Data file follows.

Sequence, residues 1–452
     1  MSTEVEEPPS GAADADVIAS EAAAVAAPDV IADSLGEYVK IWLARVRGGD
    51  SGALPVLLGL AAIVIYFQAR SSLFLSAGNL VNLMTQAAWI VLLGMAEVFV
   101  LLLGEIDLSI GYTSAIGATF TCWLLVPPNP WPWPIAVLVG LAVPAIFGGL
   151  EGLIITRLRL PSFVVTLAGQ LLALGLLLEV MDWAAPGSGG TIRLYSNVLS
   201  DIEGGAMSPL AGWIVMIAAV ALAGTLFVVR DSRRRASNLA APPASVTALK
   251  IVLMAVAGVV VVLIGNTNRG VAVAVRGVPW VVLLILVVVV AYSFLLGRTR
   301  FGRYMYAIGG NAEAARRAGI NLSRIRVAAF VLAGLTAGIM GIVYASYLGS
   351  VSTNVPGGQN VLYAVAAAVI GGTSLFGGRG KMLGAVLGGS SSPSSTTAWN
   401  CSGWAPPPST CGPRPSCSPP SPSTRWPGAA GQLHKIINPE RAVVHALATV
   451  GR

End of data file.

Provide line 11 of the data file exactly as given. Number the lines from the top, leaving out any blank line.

   451  GR